San Jose Sharks forward Evander Kane on Sunday vehemently denied allegations made by his wife that he bet on his own games and has intentionally tried to lose for gambling profit -- claims that are being investigated by the NHL.
Kane responded Sunday morning to allegations made the previous day from the Instagram account of his wife, Anna.
"I have NEVER gambled/bet on Hockey, NEVER gambled/bet on a Sharks game, NEVER gambled/bet on any of my games and NEVER thrown a hockey game,'' Kane wrote on Twitter. "The facts are I personally had my best season of the my career last year and was the most consistent I've been throughout any season, I'm proud of that. I love the game of Hockey and would never do any of what was alleged. I look forward to cooperating fully with the league's investigation, having my name cleared and looking forward to this upcoming season."
The NHL said Saturday night on Twitter that it was made aware of the social media posts from Anna Kane and plans to conduct a full investigation.
Sources told ESPN's Emily Kaplan that the NHL intends to have the investigation completed by training camp, which begins in September. NHL league officials will meet Monday to discuss the investigation and make decisions on who will conduct it, sources said. Without any corroborating information, the NHL does not intend to discipline Kane based exclusively off information in a social media post, sources said.
On Saturday, Anna Kane wrote in an Instagram story: "How does the NHL let a compulsive gambling addict still play when he's obviously throwing games to win money? Hmm maybe someone needs to address this."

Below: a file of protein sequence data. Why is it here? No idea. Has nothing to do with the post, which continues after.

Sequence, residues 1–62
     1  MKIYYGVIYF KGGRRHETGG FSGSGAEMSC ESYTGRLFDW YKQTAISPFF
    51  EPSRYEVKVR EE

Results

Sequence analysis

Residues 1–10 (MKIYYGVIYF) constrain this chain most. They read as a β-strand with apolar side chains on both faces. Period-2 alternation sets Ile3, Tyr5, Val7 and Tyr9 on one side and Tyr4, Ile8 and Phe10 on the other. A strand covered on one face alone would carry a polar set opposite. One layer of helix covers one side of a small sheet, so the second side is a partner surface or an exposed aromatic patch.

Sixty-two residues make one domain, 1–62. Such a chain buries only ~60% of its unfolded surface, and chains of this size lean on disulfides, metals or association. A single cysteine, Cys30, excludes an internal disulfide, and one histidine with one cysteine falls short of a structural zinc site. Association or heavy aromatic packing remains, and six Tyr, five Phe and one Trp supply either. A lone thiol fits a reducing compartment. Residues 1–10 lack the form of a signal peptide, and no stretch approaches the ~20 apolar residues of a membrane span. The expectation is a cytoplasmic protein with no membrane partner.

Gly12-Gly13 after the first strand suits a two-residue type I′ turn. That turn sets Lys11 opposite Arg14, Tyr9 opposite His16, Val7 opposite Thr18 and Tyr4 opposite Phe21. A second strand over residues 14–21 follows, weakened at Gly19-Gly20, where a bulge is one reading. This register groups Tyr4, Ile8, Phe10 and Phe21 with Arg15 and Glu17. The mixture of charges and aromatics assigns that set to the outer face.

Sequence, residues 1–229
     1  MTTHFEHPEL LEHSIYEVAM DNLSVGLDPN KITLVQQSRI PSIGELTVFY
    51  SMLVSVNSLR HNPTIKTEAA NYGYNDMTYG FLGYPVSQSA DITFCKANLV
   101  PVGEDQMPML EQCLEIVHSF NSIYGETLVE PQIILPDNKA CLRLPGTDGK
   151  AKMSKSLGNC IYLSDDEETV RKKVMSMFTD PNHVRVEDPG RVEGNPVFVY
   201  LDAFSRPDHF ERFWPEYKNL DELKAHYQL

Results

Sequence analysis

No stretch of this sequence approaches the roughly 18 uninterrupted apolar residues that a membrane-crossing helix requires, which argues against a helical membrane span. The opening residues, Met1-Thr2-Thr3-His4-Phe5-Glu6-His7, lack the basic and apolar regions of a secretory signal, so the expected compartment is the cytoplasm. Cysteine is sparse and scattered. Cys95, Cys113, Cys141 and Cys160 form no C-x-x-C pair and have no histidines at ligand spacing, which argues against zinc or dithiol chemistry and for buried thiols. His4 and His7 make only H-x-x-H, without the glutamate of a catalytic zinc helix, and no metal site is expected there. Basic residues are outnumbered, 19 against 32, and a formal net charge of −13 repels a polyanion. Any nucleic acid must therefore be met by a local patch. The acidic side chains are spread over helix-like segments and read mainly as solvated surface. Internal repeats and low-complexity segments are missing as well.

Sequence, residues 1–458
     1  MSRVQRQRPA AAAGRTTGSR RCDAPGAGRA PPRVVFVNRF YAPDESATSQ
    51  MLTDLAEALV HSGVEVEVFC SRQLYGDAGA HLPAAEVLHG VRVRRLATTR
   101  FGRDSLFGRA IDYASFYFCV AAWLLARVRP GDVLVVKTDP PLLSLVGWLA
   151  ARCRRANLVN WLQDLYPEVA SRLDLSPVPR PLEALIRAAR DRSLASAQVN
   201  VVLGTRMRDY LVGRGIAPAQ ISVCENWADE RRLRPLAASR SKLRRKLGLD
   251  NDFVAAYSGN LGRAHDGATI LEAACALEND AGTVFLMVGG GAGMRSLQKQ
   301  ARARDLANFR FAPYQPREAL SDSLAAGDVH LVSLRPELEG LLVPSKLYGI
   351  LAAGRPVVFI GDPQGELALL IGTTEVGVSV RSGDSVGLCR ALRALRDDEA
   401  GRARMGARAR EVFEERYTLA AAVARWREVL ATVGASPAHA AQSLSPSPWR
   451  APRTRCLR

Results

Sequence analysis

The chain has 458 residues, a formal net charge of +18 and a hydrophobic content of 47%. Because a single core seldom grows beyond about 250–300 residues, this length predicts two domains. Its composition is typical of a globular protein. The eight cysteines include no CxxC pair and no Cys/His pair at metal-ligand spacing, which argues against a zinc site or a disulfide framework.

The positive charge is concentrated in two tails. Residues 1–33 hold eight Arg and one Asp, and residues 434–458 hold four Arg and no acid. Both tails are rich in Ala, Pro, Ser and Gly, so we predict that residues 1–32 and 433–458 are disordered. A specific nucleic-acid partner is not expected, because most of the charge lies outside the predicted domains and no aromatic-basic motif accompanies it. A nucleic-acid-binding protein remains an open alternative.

She added: "Can someone ask [commissioner] Gary Bettman how they let a player gamble on his own games? Bet and win with bookies on his own games?"
In a separate story post, Anna Kane accused her husband of spending lavishly partying in Europe while asking her to sell her wedding ring to survive and wrote about not being able to afford baby formula for their child.
Evander Kane said the two are in the process of getting a divorce and called Anna Kane "mentally unwell.''
"I love my daughter,'' he wrote. "I will and always have taken care of my daughter in every way possible. I have always made sure her mother has had everything she's needed and more. I have tried to de-escalate our divorce issues and be as civil and calm as anyone in this position could. I have tried to set up FaceTime calls but not every day as I would like to because of being restricted by her mom. She has refused me to see her and had unfortunately tried to use my daughter as leverage. I will continue to always take care of my family, that goes without question.''
The NHL said: "The integrity of our game is paramount and the League takes these allegations very seriously.''
A Sharks team spokesman wrote in an email to The Associated Press that: "The San Jose Sharks have been in contact today with the National Hockey League about the serious allegations made against Evander Kane. We support a full and transparent investigation into the situation to maintain the integrity of the game and consistency with our team values.''
Kane's gambling history and finances have been public knowledge for some time. A Las Vegas Strip casino sued Kane in 2019, alleging he failed to repay a $500,000 gambling debt racked up during a playoff series against the Golden Knights.
Since the Supreme Court paved the way for legalized sports gambling in the U.S. and more states have adopted it, the NHL has embraced the possibilities and made several partnerships with sportsbooks and other betting organizations.
Kane, 29, is three seasons into a $49 million, seven-year contract. He's with his third organization after being drafted by and debuting with Atlanta/Winnipeg and a stint in Buffalo. According to Capfriendly, which charts hockey salaries, he has made just under $56 million during his NHL career.
Last season, he had 22 goals and 27 assists in 56 games.
The Associated Press contributed to this report.